The dhol in that phrase refers to the Punjabi drum and the rhythms of Bhangra music – played by Red Baraat’s founder and band leader Sunny Jain – who’s joined in percussion by a drum kit and a congas player.
The reference to brass is to brass - homage to the sounds of New Orleans big-band jazz. Red Baraat has a five-piece-strong brass section.
All in all, the music these 8 musicians create is “a merging of hard-driving North Indian bhangra rhythms with elements of jazz, go-go, brass funk, and hip-hop”.
It’s mostly instrumental (their greatest strength) but some tracks have hip hop, Hindi and Punjabi vocals in the mix.
I caught 2 live Red Baraat shows in March while having the experience everyone who’s into incredible, diverse worldwide music wants to have – WOMADelaide.
The live experience was special; and the music unique enough to justify taking home the 2014 South Pacific Tour edition of their 2013 album Shuggy Ji.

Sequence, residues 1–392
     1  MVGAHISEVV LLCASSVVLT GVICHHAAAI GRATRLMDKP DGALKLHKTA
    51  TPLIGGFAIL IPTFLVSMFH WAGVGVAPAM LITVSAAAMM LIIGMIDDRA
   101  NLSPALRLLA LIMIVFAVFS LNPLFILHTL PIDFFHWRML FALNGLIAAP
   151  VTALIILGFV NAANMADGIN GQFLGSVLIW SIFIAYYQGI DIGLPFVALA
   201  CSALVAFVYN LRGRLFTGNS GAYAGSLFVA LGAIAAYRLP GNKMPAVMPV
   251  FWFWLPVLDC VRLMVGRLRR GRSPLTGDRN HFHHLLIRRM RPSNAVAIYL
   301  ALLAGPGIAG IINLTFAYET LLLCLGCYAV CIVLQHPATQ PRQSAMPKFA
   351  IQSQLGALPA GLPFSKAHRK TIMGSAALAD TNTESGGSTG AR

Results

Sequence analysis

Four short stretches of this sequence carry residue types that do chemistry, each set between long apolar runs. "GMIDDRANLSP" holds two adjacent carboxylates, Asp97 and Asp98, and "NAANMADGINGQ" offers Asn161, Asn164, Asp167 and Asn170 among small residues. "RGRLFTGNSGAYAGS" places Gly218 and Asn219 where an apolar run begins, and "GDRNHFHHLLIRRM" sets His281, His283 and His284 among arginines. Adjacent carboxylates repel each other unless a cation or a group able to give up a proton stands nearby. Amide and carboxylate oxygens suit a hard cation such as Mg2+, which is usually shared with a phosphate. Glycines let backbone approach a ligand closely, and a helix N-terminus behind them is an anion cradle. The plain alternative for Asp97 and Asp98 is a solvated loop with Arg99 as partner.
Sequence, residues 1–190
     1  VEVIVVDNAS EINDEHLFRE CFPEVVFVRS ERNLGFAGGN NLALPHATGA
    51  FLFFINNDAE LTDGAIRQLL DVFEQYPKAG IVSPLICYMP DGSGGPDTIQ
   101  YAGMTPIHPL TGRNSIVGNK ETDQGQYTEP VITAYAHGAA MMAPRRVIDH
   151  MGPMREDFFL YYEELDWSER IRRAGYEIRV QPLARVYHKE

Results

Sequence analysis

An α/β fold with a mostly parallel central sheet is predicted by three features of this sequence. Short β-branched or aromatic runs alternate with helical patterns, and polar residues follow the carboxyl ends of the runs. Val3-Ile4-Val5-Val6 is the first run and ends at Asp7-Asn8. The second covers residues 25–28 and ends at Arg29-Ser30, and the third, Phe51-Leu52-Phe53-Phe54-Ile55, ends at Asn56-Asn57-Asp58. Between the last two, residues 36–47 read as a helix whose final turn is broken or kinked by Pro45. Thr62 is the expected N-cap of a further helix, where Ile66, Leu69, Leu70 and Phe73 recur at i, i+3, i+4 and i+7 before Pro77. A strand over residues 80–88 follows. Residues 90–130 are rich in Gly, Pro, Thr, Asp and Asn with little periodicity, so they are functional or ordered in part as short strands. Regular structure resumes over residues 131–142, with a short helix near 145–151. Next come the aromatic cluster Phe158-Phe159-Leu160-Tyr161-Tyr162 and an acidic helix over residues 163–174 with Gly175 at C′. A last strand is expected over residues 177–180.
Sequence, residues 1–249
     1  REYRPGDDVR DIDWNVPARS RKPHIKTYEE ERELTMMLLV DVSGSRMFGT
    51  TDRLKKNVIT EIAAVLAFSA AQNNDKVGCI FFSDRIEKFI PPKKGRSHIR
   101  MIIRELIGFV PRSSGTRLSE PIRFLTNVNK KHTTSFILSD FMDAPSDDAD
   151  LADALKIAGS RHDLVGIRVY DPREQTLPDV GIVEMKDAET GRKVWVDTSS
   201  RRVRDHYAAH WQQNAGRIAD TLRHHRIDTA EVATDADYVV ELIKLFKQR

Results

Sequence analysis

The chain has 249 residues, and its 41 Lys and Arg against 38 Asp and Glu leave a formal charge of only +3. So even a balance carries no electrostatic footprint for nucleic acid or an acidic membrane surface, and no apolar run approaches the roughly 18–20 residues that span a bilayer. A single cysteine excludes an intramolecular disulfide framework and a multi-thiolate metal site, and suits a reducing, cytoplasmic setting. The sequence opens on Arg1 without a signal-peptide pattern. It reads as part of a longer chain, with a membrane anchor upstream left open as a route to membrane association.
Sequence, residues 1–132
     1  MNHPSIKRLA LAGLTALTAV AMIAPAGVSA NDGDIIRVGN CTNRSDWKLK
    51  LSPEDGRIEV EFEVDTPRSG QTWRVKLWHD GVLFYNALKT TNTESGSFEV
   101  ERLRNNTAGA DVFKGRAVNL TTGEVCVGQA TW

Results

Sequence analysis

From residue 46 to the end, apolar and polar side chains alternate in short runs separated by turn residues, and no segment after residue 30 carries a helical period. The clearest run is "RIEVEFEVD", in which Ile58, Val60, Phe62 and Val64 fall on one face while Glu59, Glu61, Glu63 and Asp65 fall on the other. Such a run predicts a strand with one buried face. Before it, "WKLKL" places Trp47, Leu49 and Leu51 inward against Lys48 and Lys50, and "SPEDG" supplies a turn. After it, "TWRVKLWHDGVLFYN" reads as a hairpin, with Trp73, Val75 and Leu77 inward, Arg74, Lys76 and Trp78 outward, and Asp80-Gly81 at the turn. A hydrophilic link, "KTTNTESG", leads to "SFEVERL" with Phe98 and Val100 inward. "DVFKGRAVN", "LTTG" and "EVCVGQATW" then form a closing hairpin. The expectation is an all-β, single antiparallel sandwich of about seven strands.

No the effect of ‘Red Baraat in studio’ isn’t as powerful as hearing their percussion and brass battles live. But I keep going back to Shuggy Ji because brass instruments and the music made by them are my beloved – and this ensemble’s music has two trumpets, a saxophone, a trombone and a sousaphone doing their things. That brass-heavy focus is a rare treat in music.
Get a glimpse here of both the live and the studio versions of Red Baraat – with sample tracks from Shuggy Ji and videos of their 2 WOMADelaide 2014 shows…
‘Private Dancer’ - Shuggy Ji (2013)
‘Apna Punjab Hove’ – Shuggy Ji (2013)
You can get yourself a copy of Shuggy Ji and Red Baraat’s past albums plus Sunny Jain’s other musical projects direct from the artists through their Bandcamp site.
So then people, which ‘D’ is more up your musical alley - ‘Dancehall Electro Hip-Hop’ from P-Money and Gappy Ranks – or Red Baraat’s ‘Dhol n Brass’?